There has been a proliferation of counsellors in our society in recent times, with a corresponding proliferation of people going for counselling. Depending on their concerns, troubled souls can seek help from marriage counsellors, grief counsellors, trauma counsellors, depression counsellors, self-esteem counsellors, anger-management counsellors, life-goals counsellors—and more besides.
Christians, too, have become keen on counsellors and counselling, with some denominations and churches offering both counselling services and counselling courses. Yet, ironically, at a time of unprecedented interest in counselling, Christians seem to have largely forgotten the greatest counsellor in human history: Jesus Christ our Lord.
Scripture says of Jesus, “For to us a child is born, to us a son is given; and the government shall be upon his shoulder, and his name shall be called Wonderful Counsellor …” (Isaiah 9:6). Jesus is the Wonderful Counsellor, and his people should call upon him as such.
A counsellor is someone who gives advice and guidance. Jesus willingly counsels all who call on him, and his counsel is always wonderful. And the reason that he is such a wonderful counsellor is because he has in abundance all the qualities that a person needs for counselling.
There are four qualities that combine to make a good counsellor. I deduce this not from studying textbooks on counselling and psychology, but from thinking the matter through from a biblical perspective. On reflection, a good counsellor requires sympathy, virtue, knowledge and wisdom.
These qualities are our Lord’s qualifications. He is a wonderful counsellor because he possesses these wonderful characteristics to a wonderful degree. He is deeply sympathetic, perfectly virtuous, fully knowledgeable and infinitely wise. Consider:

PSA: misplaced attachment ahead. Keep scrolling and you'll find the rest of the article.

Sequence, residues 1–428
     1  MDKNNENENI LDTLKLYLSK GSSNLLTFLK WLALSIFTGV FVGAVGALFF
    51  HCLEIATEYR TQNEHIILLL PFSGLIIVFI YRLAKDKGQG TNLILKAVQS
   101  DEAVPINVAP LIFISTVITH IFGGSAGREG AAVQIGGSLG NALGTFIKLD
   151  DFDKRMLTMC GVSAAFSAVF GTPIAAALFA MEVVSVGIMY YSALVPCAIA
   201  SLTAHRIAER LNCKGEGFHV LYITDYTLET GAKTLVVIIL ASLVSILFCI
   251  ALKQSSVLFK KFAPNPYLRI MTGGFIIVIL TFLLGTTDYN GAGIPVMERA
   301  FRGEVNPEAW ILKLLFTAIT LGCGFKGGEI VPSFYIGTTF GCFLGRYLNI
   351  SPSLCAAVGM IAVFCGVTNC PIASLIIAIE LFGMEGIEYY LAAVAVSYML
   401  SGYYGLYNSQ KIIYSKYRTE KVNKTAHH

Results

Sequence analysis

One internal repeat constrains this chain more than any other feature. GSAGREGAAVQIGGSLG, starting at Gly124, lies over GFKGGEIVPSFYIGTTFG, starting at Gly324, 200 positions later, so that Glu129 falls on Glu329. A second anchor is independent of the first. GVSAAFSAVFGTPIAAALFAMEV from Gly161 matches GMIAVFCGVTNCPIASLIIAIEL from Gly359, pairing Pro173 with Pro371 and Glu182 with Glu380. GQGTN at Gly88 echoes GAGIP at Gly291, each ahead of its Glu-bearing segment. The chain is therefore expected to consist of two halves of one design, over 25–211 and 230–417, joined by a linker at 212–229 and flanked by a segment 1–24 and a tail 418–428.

Sympathy is the first characteristic of a good counsellor. People in need of counsel are also usually in need of kindness and warmth. A gruff, uncaring person will not make a good counsellor.
Jesus is a sympathetic man. Indeed, his sympathy for us is apparent from both his identification with us and his compassion on us.
The extent of his identification with us is evident from Isaiah’s statement that “to us a child is born, to us a son is given”. In order to associate and share with us fully, Jesus came to us, and became one of us. The Son of God came to earth as a human being, adopting our nature and sharing our circumstances. Consequently, he knows all about suffering and temptation, and so he is able to sympathise with us in our weaknesses (Hebrews 2:18 & 4:15). The incarnation is the measure of Jesus’ identification with us.
Jesus’ sympathy is seen in the care and compassion he has for us. Isaiah prophesied of him: “He will feed his flock like a shepherd, he will gather the lambs in his arms, he will carry them in his bosom, and gently lead those that are with young” (40:11). Again, Isaiah declared, “a bruised reed he will not break, and a dimly burning wick he will not quench” (42:3). Speaking prophetically on Jesus’ behalf, Isaiah said, “The Spirit of the Lord GOD is upon me, because the LORD has anointed me to bring good tidings to the afflicted; he has sent me to bind up the broken-hearted, to proclaim liberty to the captives, and the opening of the prison to those who are bound” (61:1).